Oil prices have continued to rise this week. Brent crude briefly rising above $100 per barrel in the very first instance since 2014, as Russia declared war on Ukraine, and although prices slowed down a bit on Friday however, experts warn that they could reach more than $130 amid the fallout from the conflict.
Prices of oil are hovering near their seven-year-highs after a two-month rally amid fears that the escalating war between Russia and Ukraine will cause severe disruptions in supply across the globe.
As Russia began their offensive against Ukraine on Thursday as Ukraine was invaded by Russia, the price of European benchmark Brent crude shot up to $105 per barrel – up 47% since December 20 up to its highest level since July 2014. U.S. benchmark West Texas Intermediate crude surged 47% over the same time period, reaching $100 per barrel. Analysts are already advising that prices could climb even higher.
Oil prices could be as high as $125 per barrel this summer, according to a note in the note of Goldman Sachs analysts on Friday and who forecast that the conflict between Russia and Ukraine, as well as “uncertainty regarding sanctions that could be imposed,” could create a “supply shock” in the global energy market which are already in tight supply.
With the conflict set to jeopardize global supplies, Brent crude prices could “approach $130 per barrel by June” and that number “could soar higher if additional disruptions materialize,” Louise Dickson, senior oil market analyst at Rystad Energy, echoes this argument in a recent report.
JPMorgan has recently forecast that, If Russian oil and natural gas exports decrease as a result of the war, Brent crude could average $115 per barrel during the first quarter of 2022 then dropping to less than $100 at the end of the year.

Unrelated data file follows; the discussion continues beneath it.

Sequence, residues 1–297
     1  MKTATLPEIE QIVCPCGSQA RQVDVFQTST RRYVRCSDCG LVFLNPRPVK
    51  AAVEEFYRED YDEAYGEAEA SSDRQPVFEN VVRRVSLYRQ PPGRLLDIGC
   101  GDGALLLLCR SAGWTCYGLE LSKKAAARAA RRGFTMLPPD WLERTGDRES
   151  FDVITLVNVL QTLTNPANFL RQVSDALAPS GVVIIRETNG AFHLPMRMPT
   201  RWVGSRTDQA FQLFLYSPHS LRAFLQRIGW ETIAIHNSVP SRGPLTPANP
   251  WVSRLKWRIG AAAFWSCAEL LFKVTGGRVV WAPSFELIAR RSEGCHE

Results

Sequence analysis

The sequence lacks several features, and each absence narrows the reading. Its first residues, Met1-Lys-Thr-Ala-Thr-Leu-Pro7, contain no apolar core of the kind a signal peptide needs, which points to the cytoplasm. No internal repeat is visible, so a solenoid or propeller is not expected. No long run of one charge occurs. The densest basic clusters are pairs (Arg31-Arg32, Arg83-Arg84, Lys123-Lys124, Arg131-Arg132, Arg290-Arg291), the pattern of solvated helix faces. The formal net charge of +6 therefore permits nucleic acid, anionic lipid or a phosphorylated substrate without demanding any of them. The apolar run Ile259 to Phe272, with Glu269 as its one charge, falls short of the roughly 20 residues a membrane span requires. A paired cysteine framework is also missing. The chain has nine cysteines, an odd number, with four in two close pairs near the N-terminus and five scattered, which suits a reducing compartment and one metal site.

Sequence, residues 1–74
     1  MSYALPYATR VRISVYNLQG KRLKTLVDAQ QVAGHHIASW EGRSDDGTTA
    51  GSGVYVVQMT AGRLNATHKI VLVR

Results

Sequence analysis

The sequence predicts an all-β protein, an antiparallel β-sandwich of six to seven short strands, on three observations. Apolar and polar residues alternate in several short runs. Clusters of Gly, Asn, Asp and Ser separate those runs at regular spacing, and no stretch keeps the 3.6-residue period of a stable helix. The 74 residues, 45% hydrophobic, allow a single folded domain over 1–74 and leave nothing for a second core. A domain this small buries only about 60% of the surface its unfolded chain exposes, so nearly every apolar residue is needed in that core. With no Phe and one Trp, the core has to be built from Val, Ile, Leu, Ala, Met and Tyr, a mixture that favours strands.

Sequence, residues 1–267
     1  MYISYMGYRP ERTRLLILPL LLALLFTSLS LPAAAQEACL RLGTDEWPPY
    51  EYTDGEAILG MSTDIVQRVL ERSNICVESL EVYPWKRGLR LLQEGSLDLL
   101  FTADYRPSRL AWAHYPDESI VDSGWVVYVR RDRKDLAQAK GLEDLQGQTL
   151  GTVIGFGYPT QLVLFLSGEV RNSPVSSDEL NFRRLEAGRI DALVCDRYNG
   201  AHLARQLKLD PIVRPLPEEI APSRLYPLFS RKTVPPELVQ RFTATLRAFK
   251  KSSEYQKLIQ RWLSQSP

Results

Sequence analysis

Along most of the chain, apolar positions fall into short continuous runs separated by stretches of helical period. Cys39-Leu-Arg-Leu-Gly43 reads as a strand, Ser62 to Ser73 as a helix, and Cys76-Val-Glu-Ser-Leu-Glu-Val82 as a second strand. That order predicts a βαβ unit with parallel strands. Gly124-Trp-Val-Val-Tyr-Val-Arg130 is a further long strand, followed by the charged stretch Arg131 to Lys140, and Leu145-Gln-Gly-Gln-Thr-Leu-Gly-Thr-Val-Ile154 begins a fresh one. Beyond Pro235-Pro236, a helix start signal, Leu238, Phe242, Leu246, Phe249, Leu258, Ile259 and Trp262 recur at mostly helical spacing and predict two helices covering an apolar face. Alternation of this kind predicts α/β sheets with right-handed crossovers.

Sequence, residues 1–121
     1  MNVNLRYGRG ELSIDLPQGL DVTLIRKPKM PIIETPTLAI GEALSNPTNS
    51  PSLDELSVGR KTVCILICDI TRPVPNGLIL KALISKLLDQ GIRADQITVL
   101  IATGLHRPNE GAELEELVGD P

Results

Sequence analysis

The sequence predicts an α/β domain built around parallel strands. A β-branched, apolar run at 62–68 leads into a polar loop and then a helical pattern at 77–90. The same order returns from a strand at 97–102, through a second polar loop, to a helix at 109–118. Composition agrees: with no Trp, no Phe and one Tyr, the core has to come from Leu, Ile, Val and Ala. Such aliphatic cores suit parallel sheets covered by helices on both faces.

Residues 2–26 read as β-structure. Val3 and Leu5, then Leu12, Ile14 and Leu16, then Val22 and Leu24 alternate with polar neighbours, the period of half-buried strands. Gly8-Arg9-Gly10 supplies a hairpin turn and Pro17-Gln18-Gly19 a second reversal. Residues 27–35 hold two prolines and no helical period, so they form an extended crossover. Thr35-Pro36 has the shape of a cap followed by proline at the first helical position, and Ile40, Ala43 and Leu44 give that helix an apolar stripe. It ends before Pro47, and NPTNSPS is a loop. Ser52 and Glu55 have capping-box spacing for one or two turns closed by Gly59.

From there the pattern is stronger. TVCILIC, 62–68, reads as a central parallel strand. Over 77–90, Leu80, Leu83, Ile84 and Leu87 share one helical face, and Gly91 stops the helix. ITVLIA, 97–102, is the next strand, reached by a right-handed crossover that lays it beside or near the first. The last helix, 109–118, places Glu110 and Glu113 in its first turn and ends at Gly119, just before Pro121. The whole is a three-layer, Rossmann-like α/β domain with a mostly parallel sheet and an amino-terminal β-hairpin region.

The prices of oil slowed slightly on Friday, but most likely due to the fact that United States and other Western allies have avoided threatening Russia with tough energy sanctions since Russia is the second-largest oil producer, and also a major natural gas provider for Europe.
“I am not going to claim that it’s not but it really depends,” says Simon Wong Research analyst at Gabelli Funds. “Will you see the U.S. and Europe sanction Russian oil? Are there plans for a coordinated strategic petroleum reserve publication by U.S. and IEA if they approve?” If Russian energy markets are sanctioned in the West, and there is no coordinated release of reserves by the U.S. and its allies, “then $150 oil or even more is not an out of the realm of possibility,” he says.
“The oil market remains extremely tight and is likely to witness a wildly fluctuating market as traders in the energy sector wait for results regarding as well Russian as well as Iranian crude oil supplies,” says Edward Moya who believes that oil prices could reach around $120 per barrel within the next few weeks.
WHAT TO WATCH FOR:
Traders have also been keeping the latest developments in an upcoming nuclear deal in the United States and Iran. If a deal can be reached and signed, it could mean more oil back to global markets, with Iran being estimated to have around 80 million barrels of oil reserves. Even though JPMorgan analysts forecast a slowdown in Russian exports of energy due the intensifying conflict with Ukraine They also believe the possibility of an Iran agreement could come to realization, which would assist in replacing the lost supply. In the best case scenario, they see Brent crude averaging $110 per barrel during the second quarter, and then falling to $90 by the close of 2022.